The United States on April 27 posted rule changes that impose new restrictions on exports to China, including on civil aircraft components and items related to semiconductors. The new rules will require licenses for U.S. companies to sell certain items to military entities in China even if they are for civilian use, and do away with a civilian exception that allows certain U.S. technology to be exported without a license, if they are for a non-military entity. The rules were posted for public inspection and will be published in the Federal Register on April 28. Washington trade lawyer Kevin Wolf said the rules are a response to China's policy of finding military applications for civilian items. He said the regulatory definitions of military use and user are broad and go beyond purchases by entities such as the People's Liberation Army. The administration also posted a third proposed rule change that would force foreign companies shipping certain American goods to China to seek approval not only from their own governments but from the United States as well.

20 countries sign pact to keep ports open for trade

Port authorities in 20 countries across three continents have signed an agreement to keep ports open for trade amid the coronavirus pandemic, in a move initiated by Singapore. From Los Angeles to Antwerp, and Abu Dhabi to Shanghai, the countries recognised, in a virtual roundtable, that the maritime sector plays a critical role in keeping trade flows open during this period. The port authorities committed to working together to ensure merchant ships can still berth at ports to carry out cargo operations and keep the global supply chain going, the Maritime and Port Authority of Singapore (MPA) said on April 24. The joint declaration commits signatories to continue to share experiences in combating Covid-19 while safeguarding "unimpeded maritime trade", and to ensure that best practices are adopted in areas such as the safe handling of cargoes. The agreement is the first by the Port Authorities Roundtable, a by-invitation event of leading port authorities in its sixth edition this year.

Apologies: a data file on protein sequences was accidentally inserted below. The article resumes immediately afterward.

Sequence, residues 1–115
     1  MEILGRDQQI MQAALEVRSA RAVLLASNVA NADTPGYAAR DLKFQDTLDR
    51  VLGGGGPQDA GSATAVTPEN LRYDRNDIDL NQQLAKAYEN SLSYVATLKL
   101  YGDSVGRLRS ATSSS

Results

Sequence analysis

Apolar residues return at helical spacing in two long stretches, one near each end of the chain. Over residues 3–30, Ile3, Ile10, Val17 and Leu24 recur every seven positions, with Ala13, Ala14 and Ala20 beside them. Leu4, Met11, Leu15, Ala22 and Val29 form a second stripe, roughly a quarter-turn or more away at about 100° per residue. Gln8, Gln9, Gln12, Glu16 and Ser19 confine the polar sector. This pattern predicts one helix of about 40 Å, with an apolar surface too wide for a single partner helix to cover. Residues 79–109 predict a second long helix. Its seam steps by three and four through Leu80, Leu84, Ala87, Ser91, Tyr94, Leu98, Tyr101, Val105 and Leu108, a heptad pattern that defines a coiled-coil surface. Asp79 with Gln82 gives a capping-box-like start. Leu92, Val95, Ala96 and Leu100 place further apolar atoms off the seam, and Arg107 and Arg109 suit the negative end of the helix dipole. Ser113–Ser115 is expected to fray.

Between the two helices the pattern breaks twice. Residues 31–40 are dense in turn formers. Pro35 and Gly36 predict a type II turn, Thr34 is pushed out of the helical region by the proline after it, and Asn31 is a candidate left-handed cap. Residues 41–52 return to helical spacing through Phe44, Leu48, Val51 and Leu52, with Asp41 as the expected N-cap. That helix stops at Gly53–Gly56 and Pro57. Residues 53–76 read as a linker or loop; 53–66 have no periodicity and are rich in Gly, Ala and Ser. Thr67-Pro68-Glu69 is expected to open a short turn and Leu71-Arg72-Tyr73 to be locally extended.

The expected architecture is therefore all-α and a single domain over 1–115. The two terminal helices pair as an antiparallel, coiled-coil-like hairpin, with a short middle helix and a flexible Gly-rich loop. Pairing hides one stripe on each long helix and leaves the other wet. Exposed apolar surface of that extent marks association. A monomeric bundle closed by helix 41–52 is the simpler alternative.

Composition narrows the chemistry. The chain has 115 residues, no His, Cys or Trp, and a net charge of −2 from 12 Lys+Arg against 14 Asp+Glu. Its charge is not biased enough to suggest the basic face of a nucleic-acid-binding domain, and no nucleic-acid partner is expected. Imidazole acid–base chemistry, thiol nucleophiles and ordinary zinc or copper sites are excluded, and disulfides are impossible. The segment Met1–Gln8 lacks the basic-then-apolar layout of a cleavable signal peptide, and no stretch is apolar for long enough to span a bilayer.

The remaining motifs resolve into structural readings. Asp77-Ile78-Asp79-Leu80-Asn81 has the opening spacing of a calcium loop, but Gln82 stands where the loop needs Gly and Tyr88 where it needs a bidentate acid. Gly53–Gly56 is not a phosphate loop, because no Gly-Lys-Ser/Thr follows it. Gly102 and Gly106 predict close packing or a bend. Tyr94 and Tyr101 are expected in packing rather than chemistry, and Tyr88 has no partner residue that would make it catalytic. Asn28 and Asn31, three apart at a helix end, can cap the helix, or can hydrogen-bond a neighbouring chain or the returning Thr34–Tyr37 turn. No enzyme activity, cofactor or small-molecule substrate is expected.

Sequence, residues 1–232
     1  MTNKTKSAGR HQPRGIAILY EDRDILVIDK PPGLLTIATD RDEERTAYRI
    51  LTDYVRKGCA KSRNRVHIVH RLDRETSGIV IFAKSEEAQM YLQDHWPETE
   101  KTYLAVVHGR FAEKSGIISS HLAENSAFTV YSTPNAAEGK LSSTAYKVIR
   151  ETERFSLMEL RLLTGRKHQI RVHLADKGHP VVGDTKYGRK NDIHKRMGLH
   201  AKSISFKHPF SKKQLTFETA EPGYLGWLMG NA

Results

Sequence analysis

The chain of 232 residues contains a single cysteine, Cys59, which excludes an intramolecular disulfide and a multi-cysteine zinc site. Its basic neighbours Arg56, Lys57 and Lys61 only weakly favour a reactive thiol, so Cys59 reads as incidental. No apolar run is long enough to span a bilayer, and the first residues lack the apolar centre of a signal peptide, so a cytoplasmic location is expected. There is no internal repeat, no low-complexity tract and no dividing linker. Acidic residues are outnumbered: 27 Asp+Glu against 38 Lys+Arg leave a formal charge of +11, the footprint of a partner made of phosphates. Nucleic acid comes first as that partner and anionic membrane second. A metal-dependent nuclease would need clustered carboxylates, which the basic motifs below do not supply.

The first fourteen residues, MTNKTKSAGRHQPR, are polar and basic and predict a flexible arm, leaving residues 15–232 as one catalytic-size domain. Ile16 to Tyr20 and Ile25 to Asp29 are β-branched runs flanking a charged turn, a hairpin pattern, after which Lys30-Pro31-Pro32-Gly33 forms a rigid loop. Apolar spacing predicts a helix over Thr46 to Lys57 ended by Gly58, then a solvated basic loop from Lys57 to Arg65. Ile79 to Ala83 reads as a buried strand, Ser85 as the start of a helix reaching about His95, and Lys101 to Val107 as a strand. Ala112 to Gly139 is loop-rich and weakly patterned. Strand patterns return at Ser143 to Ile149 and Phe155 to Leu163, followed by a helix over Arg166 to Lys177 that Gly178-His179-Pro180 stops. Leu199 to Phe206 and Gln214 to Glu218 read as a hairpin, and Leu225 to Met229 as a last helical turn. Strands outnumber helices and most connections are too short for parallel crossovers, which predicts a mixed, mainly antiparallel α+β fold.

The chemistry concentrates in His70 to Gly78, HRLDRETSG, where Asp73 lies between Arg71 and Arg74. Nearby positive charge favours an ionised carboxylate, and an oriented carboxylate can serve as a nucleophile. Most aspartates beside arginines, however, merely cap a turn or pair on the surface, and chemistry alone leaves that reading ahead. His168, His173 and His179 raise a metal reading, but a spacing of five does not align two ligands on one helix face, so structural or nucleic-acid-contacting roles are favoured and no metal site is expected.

Military Expenditures support technology development, contribute to China's economy: analysts

China's military budget for 2020 could maintain a steady increase even though foreign reports have suggested that an economic crisis caused by the COVID-19 pandemic will hit military spending, but a slight decrease is also possible, Chinese analysts said on April 28. The budget figure is expected to be announced at China's annual two sessions, which have been delayed due to the epidemic but are edging near as the situation is being brought under control. Song Zhongping, a Chinese military expert and TV commentator, told the Global Times that China's military budget will maintain a moderate increase, and a growth rate slightly lower than last year's will be acceptable given the impact that COVID-19 has had on the economy. One reason behind a possible continued increase in 2020 is China's goal to build world-class armed forces, and 2020 is scheduled to be a milestone, analysts said. Song said China is facing military pressure from countries and regions like the US, which makes an increased military budget necessary.

Canberra asks Beijing’s envoy to explain ‘economic coercion’ comments